14. “I don’t hear voices, but I used to have auditory hallucinations of police sirens. I remember once it was so bad it sounded like there were at least five cop cars outside my window, as if they were in my yard and right up to the house. I knew it wasn’t real because I couldn’t see any lights coming in. Eventually I fell asleep and when I woke up it was over. I guess what I would want people to know is that auditory hallucinations aren’t always voices talking to you. I want people to understand that just because you’re not hearing voices, [doesn’t mean] you’re not sick. It was hard for me to notice my own because they were so mundane. It wasn’t until that bad day that I even realized I was having them.” — Kendra S.

15. “I have now come to realize the voices are not real but experiencing them is in fact real. It is difficult to not listen to them and it isn’t something we can just ‘turn off.’ You learn to cope, hopefully find the right support, medication and treatment and continue living life.” — Hollie M.

16. “It makes you unable to trust yourself. You’re being gaslighted by your own brain, and even when it stops, and has stopped for years, you still don’t know if you can trust your ears, your eyes, your touch, your thoughts because what if it’s not true, what if your reality is a mirage? It totally destroyed any confidence I had in myself and my abilities for a long, long time.” — Sissi C.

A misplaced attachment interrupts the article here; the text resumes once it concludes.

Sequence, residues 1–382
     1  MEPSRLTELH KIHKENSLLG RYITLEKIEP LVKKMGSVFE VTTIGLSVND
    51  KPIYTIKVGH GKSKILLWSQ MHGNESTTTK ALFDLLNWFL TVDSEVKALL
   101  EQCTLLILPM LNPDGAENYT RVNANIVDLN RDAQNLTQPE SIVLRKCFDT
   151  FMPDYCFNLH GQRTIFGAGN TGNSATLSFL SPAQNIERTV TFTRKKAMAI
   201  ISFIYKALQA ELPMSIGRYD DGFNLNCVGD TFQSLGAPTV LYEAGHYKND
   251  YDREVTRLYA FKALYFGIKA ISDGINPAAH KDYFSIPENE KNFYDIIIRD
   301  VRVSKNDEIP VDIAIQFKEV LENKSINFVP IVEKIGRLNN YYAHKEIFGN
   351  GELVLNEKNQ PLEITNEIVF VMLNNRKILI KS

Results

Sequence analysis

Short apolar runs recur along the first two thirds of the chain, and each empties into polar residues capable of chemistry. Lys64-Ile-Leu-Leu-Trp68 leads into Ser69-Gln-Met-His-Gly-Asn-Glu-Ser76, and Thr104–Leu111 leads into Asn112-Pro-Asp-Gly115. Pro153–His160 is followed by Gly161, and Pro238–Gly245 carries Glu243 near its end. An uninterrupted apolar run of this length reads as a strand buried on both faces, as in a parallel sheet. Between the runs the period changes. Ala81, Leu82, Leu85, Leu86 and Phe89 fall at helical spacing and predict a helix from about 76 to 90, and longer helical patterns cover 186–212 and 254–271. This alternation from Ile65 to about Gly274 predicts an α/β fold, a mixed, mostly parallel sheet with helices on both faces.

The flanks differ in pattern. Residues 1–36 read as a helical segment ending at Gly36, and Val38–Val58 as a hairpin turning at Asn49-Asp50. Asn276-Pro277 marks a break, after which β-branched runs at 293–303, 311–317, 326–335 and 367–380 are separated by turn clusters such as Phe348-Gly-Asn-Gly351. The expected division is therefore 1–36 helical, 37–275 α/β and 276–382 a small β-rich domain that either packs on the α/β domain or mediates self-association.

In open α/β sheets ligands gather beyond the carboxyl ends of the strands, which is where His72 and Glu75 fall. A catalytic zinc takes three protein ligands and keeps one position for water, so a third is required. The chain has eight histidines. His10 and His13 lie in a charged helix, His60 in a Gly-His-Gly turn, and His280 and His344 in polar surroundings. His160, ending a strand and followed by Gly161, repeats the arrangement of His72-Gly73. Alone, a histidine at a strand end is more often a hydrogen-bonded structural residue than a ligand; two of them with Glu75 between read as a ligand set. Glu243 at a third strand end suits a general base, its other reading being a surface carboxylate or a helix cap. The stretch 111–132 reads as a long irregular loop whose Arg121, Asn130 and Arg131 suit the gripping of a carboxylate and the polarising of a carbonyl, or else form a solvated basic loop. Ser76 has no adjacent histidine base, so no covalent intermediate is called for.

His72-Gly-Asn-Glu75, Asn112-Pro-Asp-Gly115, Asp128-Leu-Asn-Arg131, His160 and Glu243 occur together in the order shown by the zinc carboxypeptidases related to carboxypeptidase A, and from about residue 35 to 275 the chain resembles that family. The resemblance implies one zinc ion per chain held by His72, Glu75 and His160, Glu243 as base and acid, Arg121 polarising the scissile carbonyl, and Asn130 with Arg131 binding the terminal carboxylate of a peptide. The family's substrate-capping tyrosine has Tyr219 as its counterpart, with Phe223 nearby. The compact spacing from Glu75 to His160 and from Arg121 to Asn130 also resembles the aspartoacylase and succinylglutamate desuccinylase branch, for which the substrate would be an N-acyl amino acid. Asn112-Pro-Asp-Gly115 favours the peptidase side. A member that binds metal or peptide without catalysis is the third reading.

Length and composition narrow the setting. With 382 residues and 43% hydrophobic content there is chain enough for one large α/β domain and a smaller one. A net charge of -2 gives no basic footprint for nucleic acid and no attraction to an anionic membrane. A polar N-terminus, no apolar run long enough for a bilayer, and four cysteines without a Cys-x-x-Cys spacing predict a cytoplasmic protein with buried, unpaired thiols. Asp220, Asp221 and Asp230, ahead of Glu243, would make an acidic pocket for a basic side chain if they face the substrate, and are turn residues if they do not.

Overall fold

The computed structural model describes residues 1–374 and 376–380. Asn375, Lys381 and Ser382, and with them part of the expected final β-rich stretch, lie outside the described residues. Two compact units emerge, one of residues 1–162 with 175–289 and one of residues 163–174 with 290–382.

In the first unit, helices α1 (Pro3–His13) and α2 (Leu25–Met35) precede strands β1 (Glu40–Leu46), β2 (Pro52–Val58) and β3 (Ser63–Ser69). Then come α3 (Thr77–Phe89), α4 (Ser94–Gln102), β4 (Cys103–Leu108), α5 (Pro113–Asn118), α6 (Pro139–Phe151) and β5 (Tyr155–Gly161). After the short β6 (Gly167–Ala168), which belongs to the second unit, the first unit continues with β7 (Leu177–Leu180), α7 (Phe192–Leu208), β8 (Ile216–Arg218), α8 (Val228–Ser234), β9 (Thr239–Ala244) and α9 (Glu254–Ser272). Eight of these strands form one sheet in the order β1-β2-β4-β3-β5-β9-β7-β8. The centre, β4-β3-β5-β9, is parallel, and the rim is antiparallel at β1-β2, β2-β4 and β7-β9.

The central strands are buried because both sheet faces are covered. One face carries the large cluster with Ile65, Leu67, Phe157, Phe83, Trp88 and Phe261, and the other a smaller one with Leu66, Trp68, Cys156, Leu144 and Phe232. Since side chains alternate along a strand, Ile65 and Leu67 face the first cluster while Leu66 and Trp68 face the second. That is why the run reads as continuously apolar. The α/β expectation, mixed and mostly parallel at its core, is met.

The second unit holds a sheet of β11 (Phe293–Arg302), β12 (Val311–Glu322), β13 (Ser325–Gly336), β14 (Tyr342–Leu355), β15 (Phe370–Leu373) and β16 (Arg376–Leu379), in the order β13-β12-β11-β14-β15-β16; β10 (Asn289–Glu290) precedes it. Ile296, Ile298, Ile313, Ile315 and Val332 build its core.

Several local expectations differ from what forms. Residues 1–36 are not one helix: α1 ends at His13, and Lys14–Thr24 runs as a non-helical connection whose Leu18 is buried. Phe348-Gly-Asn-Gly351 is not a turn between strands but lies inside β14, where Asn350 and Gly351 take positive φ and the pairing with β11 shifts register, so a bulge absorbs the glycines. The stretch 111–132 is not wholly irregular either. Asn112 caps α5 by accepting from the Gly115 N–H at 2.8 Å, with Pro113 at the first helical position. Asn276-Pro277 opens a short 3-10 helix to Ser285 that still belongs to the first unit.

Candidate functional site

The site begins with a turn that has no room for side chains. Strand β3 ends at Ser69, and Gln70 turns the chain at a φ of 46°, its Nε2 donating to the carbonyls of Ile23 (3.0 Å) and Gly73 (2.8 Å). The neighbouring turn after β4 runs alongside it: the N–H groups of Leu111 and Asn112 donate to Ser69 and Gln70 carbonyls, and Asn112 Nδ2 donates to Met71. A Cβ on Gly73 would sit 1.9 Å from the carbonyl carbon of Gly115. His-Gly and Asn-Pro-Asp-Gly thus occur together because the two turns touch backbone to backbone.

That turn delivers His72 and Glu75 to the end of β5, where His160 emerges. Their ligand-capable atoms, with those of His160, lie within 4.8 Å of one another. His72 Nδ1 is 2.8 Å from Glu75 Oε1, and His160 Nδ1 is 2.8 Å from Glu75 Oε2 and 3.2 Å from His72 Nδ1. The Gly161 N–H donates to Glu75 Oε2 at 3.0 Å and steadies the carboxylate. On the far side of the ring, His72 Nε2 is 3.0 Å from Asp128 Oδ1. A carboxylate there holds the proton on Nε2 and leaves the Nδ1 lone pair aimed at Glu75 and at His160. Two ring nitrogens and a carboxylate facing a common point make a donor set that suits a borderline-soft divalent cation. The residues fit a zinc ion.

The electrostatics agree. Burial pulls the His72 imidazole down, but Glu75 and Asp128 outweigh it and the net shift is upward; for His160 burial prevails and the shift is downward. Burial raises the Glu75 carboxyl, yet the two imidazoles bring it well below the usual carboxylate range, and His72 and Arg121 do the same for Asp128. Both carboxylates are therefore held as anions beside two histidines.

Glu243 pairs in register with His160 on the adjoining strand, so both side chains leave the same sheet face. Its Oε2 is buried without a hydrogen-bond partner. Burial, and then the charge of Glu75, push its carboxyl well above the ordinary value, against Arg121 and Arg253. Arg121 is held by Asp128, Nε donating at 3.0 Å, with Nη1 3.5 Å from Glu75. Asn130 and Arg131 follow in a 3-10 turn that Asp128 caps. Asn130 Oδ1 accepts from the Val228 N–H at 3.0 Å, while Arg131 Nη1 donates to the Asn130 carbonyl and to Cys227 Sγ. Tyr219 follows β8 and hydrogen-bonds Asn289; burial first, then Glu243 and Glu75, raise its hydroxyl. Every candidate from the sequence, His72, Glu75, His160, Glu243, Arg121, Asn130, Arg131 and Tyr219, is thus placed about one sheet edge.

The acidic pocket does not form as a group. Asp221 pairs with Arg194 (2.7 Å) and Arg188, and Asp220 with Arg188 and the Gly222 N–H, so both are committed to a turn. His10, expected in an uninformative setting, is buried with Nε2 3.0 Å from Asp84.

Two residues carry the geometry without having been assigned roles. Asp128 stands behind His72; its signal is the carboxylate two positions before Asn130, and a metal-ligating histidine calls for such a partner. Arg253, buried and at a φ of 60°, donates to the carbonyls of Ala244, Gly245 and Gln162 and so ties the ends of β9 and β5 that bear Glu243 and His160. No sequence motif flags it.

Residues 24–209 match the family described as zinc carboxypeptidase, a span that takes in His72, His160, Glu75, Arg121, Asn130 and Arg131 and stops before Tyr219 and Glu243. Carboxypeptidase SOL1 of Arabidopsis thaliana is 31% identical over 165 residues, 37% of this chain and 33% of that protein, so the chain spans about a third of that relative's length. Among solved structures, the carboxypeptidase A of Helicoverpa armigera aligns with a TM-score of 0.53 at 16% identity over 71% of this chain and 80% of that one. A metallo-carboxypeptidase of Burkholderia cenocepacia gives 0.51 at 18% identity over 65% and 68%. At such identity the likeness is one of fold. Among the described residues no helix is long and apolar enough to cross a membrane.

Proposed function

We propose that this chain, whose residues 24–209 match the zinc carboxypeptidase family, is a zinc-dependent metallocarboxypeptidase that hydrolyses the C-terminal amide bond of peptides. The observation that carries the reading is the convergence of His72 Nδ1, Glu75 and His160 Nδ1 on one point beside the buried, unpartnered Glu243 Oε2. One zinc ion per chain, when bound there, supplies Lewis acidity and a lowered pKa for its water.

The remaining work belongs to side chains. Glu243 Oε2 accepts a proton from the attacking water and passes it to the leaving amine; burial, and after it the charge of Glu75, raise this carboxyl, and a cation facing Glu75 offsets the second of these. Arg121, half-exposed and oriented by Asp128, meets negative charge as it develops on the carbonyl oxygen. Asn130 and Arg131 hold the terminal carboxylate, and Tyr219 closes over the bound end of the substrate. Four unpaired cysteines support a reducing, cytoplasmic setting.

17. “It can be very scary. It’s not real to you but it is to me. If I open up about it, don’t look at me in disbelief. I’m not asking for attention. I’m asking for help.” — Lexi L.

18. “I’m lucky enough that my auditory hallucinations are usually harmless. Sometimes they are scary, but usually I find them somewhat humorous.” — Zed W.

19. “I wish people knew that just because I hear voices, it doesn’t make me a violent person. I am kind and gentle. If you talk to me you wouldn’t know unless I told you. I wish people would stop judging people who hear voices, stop assuming we are ‘crazy.’ Just treat us like everyone else.” — Lindsey V.

If you or someone you know needs help, visit our suicide prevention resources page.

If you need support right now, call the National Suicide Prevention Lifeline at 1-800-273-8255, the Trevor Project at 1-866-488-7386 or text “HOME” to 741-741. Head here for a list of crisis centers around the world.

Originally published: August 29, 2017